Normally, what you'll do to make XHTML from your DocBook sources
is use the
front end. Your commands will look like this:
bash$ xmlto xhtml foo.xml
bash$ ls *.html
ar01s02.html ar01s03.html ar01s04.html index.html
In this example, you converted an XML-DocBook document named
foo.xml with three top-level sections into an
index page and two parts. Making one big page is just as easy:
bash$ xmlto xhtml-nochunks foo.xml
bash$ ls *.html
Finally, here is how you make PostScript for printing:
bash$ xmlto ps foo.xml # To make PostScript
bash$ ls *.ps
To turn your documents into HTML or PostScript, you need an
engine that can apply the combination of DocBook DTD and a suitable
stylesheet to your document. Figure18.2 illustrates how
the open-source tools for doing this fit together.
Figure18.2.Present-day XML-DocBook toolchain.
Parsing your document and applying the stylesheet transformation
will be handled by one of three programs. The most likely one is
the parser that ships with Red Hat Linux. The other possibilities are two
It is relatively easy to generate high-quality XHTML from either
DocBook; the fact that XHTML is simply another XML DTD helps a lot.
Translation to HTML is done by applying a rather simple stylesheet,
and that's the end of the story. RTF is also simple to generate in
this way, and from XHTML or RTF it's easy to generate a flat ASCII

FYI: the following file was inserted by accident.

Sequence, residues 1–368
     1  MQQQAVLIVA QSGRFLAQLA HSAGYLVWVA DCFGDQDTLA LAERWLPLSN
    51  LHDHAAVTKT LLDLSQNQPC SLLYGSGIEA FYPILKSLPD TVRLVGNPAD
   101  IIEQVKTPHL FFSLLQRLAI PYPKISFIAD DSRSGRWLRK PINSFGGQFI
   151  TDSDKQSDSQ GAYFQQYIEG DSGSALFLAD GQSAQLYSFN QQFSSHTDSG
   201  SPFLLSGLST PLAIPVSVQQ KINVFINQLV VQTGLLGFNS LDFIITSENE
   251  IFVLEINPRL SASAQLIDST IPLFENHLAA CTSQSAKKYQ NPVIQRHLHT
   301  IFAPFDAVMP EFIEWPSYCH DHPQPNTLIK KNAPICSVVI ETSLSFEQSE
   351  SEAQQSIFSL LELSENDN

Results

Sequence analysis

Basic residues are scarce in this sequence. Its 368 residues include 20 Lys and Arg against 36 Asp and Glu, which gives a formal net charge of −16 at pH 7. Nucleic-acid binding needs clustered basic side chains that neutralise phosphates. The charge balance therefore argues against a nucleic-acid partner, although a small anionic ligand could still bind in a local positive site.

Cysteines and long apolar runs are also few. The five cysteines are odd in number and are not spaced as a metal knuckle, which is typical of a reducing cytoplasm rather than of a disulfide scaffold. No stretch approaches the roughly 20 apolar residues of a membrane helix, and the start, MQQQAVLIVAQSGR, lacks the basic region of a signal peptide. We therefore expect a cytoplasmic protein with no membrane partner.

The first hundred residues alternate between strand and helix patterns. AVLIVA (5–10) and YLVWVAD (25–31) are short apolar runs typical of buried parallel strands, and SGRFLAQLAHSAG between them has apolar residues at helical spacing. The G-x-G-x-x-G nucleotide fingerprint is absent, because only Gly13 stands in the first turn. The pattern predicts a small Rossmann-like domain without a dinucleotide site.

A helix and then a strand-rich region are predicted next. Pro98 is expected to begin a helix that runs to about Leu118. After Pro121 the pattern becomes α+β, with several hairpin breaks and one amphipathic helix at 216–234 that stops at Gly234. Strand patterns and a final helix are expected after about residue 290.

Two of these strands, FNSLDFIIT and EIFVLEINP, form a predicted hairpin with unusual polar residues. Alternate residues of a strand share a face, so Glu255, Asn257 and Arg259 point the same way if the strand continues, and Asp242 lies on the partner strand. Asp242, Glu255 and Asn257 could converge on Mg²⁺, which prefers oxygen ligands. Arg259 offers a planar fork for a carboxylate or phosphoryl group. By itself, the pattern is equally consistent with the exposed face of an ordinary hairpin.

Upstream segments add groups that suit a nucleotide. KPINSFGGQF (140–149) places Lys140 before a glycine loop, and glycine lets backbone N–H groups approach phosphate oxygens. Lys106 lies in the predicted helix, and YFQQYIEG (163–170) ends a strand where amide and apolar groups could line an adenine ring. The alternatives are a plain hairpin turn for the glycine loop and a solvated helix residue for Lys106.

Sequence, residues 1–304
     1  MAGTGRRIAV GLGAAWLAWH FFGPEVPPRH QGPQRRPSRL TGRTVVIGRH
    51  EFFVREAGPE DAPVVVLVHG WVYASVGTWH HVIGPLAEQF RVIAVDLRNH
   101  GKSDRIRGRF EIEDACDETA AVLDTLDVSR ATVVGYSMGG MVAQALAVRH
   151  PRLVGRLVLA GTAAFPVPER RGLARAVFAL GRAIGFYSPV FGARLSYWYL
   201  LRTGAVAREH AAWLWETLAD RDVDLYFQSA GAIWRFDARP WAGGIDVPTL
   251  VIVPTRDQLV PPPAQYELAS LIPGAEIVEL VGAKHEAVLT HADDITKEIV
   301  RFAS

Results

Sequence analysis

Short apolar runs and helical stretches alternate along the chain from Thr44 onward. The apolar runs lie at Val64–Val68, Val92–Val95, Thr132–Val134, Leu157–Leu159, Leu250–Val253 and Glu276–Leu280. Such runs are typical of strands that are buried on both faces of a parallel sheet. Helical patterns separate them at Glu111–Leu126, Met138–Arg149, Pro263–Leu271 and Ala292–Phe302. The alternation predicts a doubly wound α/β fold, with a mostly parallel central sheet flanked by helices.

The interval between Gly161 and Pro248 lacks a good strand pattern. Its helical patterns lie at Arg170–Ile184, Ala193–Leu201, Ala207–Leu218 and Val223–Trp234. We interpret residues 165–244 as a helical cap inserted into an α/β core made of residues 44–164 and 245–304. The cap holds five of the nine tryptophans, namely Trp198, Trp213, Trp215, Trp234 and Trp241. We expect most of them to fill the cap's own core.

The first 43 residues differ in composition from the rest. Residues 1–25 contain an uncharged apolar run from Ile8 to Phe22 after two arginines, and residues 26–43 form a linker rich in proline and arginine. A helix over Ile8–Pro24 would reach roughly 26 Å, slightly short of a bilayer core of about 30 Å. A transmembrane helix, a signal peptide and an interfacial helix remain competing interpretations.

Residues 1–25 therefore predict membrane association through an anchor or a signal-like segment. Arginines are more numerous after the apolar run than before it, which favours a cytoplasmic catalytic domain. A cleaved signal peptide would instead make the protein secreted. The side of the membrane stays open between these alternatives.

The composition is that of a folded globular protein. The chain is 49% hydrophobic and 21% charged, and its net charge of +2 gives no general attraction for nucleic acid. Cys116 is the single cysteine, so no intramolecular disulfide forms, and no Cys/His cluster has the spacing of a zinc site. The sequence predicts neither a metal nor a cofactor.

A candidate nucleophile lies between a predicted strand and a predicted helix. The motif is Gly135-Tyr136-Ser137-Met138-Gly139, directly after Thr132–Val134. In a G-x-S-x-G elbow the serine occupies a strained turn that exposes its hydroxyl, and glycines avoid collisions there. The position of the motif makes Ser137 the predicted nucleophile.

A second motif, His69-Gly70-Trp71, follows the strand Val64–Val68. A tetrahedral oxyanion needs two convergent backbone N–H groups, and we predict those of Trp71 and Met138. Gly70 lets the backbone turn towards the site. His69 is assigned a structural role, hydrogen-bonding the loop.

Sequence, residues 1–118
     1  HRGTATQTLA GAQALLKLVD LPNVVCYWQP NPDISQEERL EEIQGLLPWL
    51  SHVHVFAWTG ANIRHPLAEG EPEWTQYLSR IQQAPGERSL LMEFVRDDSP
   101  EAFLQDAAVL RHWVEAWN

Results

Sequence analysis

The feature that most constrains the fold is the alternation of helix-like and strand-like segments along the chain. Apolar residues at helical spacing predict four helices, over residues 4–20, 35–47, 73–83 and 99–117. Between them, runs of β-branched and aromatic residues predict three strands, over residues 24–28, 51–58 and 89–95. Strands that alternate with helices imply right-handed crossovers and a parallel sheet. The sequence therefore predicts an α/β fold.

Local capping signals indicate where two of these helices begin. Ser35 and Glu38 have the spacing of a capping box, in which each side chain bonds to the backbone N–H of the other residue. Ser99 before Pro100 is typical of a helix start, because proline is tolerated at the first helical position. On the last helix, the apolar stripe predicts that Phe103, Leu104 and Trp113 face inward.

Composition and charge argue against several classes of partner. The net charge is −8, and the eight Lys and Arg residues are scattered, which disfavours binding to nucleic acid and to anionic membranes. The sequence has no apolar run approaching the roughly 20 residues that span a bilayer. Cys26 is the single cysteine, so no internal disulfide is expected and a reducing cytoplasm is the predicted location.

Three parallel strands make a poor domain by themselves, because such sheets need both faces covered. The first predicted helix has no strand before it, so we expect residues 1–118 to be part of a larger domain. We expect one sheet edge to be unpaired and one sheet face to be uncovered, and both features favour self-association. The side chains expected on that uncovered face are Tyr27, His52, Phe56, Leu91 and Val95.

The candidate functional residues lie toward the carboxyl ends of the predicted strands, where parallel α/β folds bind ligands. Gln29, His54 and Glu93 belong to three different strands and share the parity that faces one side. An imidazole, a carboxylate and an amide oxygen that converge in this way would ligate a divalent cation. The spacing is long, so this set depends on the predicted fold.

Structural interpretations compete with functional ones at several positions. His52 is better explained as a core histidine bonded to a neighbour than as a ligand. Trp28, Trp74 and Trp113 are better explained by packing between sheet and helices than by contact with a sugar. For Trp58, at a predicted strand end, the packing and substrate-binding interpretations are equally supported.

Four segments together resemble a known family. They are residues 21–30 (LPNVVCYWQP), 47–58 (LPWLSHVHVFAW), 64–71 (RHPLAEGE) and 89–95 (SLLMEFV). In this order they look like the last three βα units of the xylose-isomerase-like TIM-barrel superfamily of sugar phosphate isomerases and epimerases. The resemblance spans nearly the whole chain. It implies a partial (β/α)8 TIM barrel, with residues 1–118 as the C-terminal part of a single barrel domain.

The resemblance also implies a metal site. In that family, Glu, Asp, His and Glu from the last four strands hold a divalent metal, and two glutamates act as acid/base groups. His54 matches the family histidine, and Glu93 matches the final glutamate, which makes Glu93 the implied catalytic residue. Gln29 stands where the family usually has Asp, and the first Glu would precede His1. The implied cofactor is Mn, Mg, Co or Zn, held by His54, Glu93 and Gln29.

text approximation in a pinch.
The awkward case is print. Generating high-quality printed
output — which means, in practice, Adobe's
(Portable Document Format) — is difficult. Doing it right requires
algorithmically duplicating the delicate judgments of a human
typesetter moving from content to presentation level.
So, first, a stylesheet translates DocBook's structural markup
into another dialect of XML — FO (Formatting Objects). FO
markup is very much presentation-level; you can think of it as a sort
of XML functional equivalent of troff. It
has to be translated to PostScript for packaging in a PDF.
In the toolchain shipped with Red Hat
Linux, this job
is handled by a TeX macro package called
translates the formatting objects generated by
xsltproc into Donald
TeX's output, known as
DVI (DeVice Independent) format, is then
massaged into PDF.
If you think this bucket chain of XML to TeX macros to DVI to
PDF sounds like an awkward kludge, you're right. It clanks, it
wheezes, and it has ugly warts. Fonts are a significant problem,
since XML and TeX and PDF have very
different models of how fonts work; also, handling
internationalization and localization is a nightmare. About the only
thing this code path has going for it is that it works.
The elegant way will be
FOP, a direct
FO-to-PostScript translator being developed by the
Apache project. With
FOP, the internationalization problem is, if not solved, at least well
confined; XML tools handle Unicode all the way through to FOP. The
mapping from Unicode glyphs to Postscript font is also strictly FOP's
problem. The only trouble with this approach is that it doesn't work
— yet. As of mid-2003, FOP is in an unfinished alpha state
— usable, but with rough edges and missing features.
Figure18.3 illustrates what the FOP toolchain looks
Figure18.3.Future XML-DocBook toolchain with FOP.
FOP has competition. Another project called
xsl-fo-proc aims to do the same
things as FOP, but in C++ (and therefore both faster than
Java and not
relying on the Java environment). As of mid-2003,
xsl-fo-proc is in an unfinished alpha
state, not as far along as FOP.